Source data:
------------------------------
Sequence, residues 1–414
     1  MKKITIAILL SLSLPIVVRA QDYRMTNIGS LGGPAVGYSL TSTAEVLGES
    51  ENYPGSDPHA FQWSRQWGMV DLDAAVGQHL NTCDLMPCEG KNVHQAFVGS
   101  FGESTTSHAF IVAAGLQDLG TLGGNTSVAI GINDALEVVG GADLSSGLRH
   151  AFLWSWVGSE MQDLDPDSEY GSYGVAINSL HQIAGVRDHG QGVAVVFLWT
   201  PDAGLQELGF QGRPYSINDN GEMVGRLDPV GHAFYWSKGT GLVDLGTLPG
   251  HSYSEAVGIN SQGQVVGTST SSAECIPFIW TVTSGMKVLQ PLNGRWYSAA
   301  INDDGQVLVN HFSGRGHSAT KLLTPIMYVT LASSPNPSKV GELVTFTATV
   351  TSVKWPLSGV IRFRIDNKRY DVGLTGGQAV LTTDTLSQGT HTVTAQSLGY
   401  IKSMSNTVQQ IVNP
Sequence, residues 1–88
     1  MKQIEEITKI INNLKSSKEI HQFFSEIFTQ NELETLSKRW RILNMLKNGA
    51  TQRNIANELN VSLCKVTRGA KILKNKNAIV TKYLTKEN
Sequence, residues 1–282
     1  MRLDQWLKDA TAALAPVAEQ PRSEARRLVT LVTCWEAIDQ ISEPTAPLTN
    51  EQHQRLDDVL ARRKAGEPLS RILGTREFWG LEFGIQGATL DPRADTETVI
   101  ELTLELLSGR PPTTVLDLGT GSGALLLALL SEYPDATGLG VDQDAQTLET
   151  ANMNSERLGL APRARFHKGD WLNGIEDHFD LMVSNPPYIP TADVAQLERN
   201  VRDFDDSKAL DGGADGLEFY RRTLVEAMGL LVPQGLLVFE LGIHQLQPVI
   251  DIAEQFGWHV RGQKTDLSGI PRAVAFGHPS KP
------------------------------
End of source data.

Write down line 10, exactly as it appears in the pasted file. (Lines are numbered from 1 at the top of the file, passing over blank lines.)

   401  IKSMSNTVQQ IVNP